Hey there, time traveller!
This article was published 6/2/2013 (1625 days ago), so information in it may no longer be current.
City council and members of the Renaissance Brandon board met for an "up front, fact-sharing" discussion this week.
The closed-door meeting held Tuesday night lasted nearly three hours, with both parties coming away with positive comments.
"We were able to share a bunch of information with the council that maybe they weren’t completely aware of," said Renaissance Brandon board chair Shaun Cameron. "It went really well. We got a lot of stuff out there and we were able to talk through some of the mechanisms that are in place."
One of the main themes discussed at the meeting was how to improve communication between the downtown development corporation and city council.
"It was nice to sit down with some of the board members of Renaissance Brandon and have a conversation about where things are at and how things are going," said Coun. Stephen Montague (Richmond). "Because Renaissance Brandon has been around for five years but there hasn’t been much of a review or much of a discussion to this point, so it was nice to actually sit down and get opinions and views from both sides."
Cameron said they are considering providing quarterly reports to council rather than an annual report.
"How can we better manage this and make sure the information is getting out, not only to the council but to the public as well because that’s an important step to make sure the public is aware of what we’re doing ... there’s some great opportunities happening," Cameron said.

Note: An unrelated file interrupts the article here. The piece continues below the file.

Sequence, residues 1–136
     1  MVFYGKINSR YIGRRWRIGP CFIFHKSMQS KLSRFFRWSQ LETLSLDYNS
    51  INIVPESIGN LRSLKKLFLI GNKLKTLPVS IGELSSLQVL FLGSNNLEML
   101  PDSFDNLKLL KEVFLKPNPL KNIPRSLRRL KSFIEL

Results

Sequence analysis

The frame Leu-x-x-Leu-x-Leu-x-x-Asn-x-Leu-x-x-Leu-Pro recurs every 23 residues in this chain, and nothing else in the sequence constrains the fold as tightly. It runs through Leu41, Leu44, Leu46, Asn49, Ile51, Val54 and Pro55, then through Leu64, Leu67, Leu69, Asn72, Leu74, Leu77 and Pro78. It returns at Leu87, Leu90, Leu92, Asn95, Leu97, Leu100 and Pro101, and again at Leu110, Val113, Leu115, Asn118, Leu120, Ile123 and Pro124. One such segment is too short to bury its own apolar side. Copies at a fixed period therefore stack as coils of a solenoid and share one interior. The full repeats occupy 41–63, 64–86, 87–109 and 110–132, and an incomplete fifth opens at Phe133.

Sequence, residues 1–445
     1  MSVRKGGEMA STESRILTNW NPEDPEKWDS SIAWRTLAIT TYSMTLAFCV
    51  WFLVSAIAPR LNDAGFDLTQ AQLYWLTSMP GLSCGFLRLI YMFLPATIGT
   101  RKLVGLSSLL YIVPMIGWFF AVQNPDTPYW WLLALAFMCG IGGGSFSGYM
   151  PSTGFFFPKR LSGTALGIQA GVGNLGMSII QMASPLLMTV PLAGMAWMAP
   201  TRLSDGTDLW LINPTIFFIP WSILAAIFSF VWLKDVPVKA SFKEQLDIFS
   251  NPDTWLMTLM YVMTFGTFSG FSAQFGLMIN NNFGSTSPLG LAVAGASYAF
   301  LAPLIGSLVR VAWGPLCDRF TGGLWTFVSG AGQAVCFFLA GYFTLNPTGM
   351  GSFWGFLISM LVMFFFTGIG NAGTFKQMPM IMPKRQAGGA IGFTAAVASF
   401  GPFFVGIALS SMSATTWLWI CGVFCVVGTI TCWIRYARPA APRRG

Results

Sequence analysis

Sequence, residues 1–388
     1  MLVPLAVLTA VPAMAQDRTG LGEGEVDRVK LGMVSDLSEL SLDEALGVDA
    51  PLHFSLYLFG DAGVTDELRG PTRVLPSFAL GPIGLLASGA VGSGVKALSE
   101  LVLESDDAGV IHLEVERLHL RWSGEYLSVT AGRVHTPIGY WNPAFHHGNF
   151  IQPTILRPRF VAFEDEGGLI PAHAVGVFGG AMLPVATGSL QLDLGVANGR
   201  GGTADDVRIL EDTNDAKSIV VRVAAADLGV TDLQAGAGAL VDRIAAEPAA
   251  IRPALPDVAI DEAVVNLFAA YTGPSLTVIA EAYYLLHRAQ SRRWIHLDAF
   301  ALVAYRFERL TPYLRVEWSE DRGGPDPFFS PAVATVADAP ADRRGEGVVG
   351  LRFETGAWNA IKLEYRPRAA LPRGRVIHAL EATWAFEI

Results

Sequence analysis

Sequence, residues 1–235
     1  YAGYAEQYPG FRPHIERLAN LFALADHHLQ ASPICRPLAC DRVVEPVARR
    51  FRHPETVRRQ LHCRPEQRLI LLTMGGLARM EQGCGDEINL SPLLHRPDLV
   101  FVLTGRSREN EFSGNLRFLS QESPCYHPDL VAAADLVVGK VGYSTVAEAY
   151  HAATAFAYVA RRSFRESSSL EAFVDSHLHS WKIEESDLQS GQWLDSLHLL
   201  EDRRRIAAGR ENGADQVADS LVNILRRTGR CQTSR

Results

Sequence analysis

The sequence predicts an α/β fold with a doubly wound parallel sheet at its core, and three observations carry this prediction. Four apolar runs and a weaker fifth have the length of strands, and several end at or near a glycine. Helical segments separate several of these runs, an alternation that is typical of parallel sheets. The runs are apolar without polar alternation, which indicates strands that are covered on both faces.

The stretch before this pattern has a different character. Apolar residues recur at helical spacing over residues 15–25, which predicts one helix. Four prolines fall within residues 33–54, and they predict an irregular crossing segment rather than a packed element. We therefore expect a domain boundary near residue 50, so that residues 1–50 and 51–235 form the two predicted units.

Coun. Corey Roberts (Rosser), who is also a Renaissance Brandon board member, said they are striving to give a brief update at every city council meeting.
"We’re going to engage council with lots of information with what’s happening in downtown Brandon to make sure that it continually draws new people to see what we’re doing," Roberts said.
Renaissance Brandon’s goal is to bring renewal and energy to the downtown. The group offers incentive programs, supports downtown events and looks for opportunities to acquire property.
When dealing with property acquisition and real estate, there is some information that can’t be divulged due to the fact that private parties are involved.
The closed-door meeting came a day after Cameron presented Renaissance Brandon’s annual report, and two weeks before council reconsiders its decision to slash $50,000 from Renaissance Brandon funding in the 2013 budget. The full loss would be $100,000, as the province matches the dollars the city provides.
Since its inception in 2008, Renaissance Brandon has received $250,000 annually from the city. This year, they are looking at receiving $200,000, unless council votes to change that decision.
Montague said council needs to be kept more up-to-date, as taxpayer dollars are being spent.
"We need to improve the lines of communication between the two groups, recognizing that there are sensitive issues being discussed," he said. "But as one of the two funding partners, I think the city does need to have a bit more communication with the board."
Council will reconsider its decision to cut Renaissance Brandon’s funding at the Feb. 19 meeting.